A: This is a great question. The draft guidance, titled Data Integrity and Compliance With cGMP was released in 2016 and is still current. In the introduction, FDA states, “The purpose of the guidance is to clarify the role of data integrity in current good manufacturing practice …” I don’t think the industry should be surprised by this guidance based on the number of recent warning letters issued with citations referencing questionable data integrity practices.
The guidance itself says:
“… FDA has increasingly observed CGMP violations involving data integrity during CGMP inspections.”
The guidance goes on to say:
“This is troubling because ensuring data integrity is an important component of industry’s responsibility to ensure the … quality of drugs, and FDA’s ability to protect the public health.”
Specifically question 16 asks:
“Should personnel be trained in detecting data integrity as part of a routine CGMP training program?”
The answer in the guideline is, of course, yes and cites 21 Code of Federal Regulations (CFR) 211.25 and 212.10, which require that employees have the “education, training, and experience, or any combination thereof, to perform their assigned duties.”
From an industry perspective, the requirement for data integrity training seems new, but it isn’t. It is normally referred to as good documentation practices (GDP), annual GMP training, and investigations and corrective action and preventive action (CAPA) training. The question is how does one communicate to others that this training regimen relates to proper data handling, which in turn helps eliminate data integrity issues.
Annual cGMP training is integral to avoiding data integrity problems because it delineates what documents need to be maintained. If the GMPs require a document be preserved, one can assume it is a document that is subject to review and critique during an audit.
Focusing on the forms and records required allows one to direct their review efforts on the essential rather than on the superfluous documents that support the safety, efficacy, and quality of the products being manufactured. Once the company’s quality assurance (QA) department has identified these critical documents, the documentation group can then direct their efforts towards appropriately maintaining those documents.
A critical element in preserving the integrity of the information contained in these records is related to GDP training. GDP training should explain to the employees the necessity of the document in relationship to the quality of the product.
GDP training should focus on the importance of the data being recorded, how to correct an error, how to document the reason for the error, explain the timeliness of the signature and date of the person who performed the operation and recorded the necessary information, as well as the role of the verifier’s signature for those steps in the operation that require a witness.
GDP training should also include an explanation of the review process and what the operator’s, verifier’s, and reviewer’s signatures means. The reviewer’s signature should be regarded as complementary to the original operator’s signature. It is there to support that the recording of the data was complete, accurately reflected the function or activity being documented, and that any operational errors that occurred were investigated and corrected appropriately.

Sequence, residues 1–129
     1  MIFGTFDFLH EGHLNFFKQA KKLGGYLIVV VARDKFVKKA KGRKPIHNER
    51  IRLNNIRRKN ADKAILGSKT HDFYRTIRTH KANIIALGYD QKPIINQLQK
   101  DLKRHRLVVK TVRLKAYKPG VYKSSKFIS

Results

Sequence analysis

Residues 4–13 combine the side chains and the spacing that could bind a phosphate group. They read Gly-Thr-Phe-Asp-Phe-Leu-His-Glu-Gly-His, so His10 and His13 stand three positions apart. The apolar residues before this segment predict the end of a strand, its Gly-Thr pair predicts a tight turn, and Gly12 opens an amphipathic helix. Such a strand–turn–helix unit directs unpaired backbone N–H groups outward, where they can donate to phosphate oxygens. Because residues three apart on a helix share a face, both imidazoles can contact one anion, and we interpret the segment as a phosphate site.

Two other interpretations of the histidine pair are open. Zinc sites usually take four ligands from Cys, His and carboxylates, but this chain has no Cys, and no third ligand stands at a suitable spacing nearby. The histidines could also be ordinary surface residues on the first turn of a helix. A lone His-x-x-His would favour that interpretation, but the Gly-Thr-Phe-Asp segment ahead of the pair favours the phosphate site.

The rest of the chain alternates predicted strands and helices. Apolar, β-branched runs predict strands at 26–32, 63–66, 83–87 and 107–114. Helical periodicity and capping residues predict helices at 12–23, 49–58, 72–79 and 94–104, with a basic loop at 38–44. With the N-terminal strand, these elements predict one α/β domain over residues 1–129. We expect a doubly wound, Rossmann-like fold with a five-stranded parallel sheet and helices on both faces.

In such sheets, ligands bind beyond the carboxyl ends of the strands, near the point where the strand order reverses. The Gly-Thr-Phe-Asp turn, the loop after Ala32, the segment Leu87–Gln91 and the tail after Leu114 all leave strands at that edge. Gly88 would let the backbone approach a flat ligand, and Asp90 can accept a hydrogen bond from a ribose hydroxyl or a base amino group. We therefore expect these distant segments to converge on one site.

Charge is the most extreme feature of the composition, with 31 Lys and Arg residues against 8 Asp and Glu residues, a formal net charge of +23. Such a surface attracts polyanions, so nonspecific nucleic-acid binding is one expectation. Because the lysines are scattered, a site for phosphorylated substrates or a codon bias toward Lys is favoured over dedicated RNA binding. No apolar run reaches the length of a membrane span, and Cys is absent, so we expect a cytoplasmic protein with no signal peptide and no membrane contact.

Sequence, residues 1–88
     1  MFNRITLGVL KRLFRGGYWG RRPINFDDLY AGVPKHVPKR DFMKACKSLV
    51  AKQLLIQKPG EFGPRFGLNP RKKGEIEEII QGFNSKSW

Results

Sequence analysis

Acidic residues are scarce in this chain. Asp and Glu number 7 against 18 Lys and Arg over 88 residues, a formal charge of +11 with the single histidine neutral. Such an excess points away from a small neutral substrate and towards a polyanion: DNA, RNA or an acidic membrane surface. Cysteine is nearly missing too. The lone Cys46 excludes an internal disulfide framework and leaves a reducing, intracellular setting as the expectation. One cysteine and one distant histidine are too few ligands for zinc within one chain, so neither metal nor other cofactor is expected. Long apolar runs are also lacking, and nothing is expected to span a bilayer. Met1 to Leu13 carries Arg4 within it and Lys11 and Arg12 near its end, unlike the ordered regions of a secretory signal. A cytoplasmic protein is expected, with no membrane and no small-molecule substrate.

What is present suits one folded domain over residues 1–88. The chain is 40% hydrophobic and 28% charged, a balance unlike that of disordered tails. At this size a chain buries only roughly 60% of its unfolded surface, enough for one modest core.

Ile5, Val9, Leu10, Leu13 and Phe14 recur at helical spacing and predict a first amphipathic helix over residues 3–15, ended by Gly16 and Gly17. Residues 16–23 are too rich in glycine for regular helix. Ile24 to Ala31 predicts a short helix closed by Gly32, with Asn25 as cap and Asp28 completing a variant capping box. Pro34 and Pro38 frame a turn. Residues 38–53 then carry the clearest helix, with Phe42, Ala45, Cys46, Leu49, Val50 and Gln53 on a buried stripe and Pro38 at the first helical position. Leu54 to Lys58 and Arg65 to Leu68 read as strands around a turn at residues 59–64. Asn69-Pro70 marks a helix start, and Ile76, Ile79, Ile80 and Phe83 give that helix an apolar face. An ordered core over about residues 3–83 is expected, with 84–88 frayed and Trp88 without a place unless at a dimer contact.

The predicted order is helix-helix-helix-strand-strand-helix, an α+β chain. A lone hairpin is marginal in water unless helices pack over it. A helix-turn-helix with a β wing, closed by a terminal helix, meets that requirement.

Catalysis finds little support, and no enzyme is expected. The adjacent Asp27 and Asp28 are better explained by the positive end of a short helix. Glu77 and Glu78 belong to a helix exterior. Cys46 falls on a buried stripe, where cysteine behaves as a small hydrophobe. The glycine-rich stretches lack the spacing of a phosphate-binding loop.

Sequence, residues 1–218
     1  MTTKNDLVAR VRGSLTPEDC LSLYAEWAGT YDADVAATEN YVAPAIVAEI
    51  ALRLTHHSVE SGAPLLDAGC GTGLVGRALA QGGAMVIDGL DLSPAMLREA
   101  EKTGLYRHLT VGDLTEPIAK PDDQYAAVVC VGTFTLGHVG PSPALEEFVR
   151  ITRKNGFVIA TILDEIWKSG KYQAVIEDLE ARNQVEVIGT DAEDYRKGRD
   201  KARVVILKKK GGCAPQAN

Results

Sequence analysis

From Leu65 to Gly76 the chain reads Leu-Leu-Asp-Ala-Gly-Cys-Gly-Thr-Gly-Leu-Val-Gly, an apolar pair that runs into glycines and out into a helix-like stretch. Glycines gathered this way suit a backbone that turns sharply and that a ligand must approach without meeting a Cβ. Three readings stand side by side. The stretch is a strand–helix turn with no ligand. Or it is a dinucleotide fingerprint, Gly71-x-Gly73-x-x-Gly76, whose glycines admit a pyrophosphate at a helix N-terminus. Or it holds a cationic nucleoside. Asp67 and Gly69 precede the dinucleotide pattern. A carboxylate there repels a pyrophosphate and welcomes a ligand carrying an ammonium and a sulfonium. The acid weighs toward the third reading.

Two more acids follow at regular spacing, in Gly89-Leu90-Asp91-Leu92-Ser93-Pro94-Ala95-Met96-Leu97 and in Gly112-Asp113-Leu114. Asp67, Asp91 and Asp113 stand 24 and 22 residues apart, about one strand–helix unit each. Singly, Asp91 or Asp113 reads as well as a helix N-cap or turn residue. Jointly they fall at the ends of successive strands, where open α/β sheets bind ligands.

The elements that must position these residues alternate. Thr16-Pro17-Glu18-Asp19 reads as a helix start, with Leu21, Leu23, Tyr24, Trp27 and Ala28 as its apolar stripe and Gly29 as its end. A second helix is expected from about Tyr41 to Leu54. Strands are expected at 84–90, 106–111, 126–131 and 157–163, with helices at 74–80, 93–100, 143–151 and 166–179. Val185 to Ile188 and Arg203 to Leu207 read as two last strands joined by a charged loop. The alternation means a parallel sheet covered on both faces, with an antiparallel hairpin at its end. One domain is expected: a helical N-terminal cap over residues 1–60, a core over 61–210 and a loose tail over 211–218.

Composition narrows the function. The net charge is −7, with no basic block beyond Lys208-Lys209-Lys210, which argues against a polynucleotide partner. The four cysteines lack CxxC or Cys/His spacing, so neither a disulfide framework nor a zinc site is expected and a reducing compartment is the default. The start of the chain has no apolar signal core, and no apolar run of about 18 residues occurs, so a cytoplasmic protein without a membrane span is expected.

If you are operating with electronic signatures and data collection systems, training should include discussion on the importance of password protection and the reason and rationale for not sharing passwords and accounts so that the integrity of the electronic system is not compromised.
Investigation and CAPA training should be taught to staff involved in the recording and reviewing of the documentation. It is important for these individuals to understand how deviations are investigated, if the investigation resulted in a CAPA, and what impact the investigation/CAPA results might have on the product.
It should also address how changes made to documentation as a result of the investigations/CAPA have been implemented in the quality management system. Documentation changes made as a result of investigation/CAPA conclusions should prompt retraining on the activity and should encompass any new documentation practices identified.
Once the employees are trained in GMP, GDP, and investigations/CAPA training, the QA group should confirm the organization’s understanding of what they were taught through the internal audit review process. This should be viewed as a confirming activity that will strengthen the records, forms, reports, and manufacturing documents that support the product’s manufacturing and release.
Standard Operating Procedures (SOP)
Issues in documentation procedures identified through the internal audit process should be responded to and tracked in a similar manner, as the company would do for an external audit by a client or a regulatory agency.
The information collected during the manufacturing of the product from the receipt of the raw materials, the facility maintenance, the testing of the product up to the release of the product, and everything in between is crucial to defending the product once it has been released for patient use. It is crucial that this information be indisputable, whether it is electronic or paper.
Bottom line, don’t over react to the guidance by sending your QA staff to criminal investigation training. Instead, utilize the cGMP training tools you already have in your quality system to reinforce the concept of data integrity throughout your training and audit processes. The best way to combat poor documentation is through the proactive inclusion of data integrity concepts, design, and implementation into your data collection systems whether they are manual or electronic in nature.
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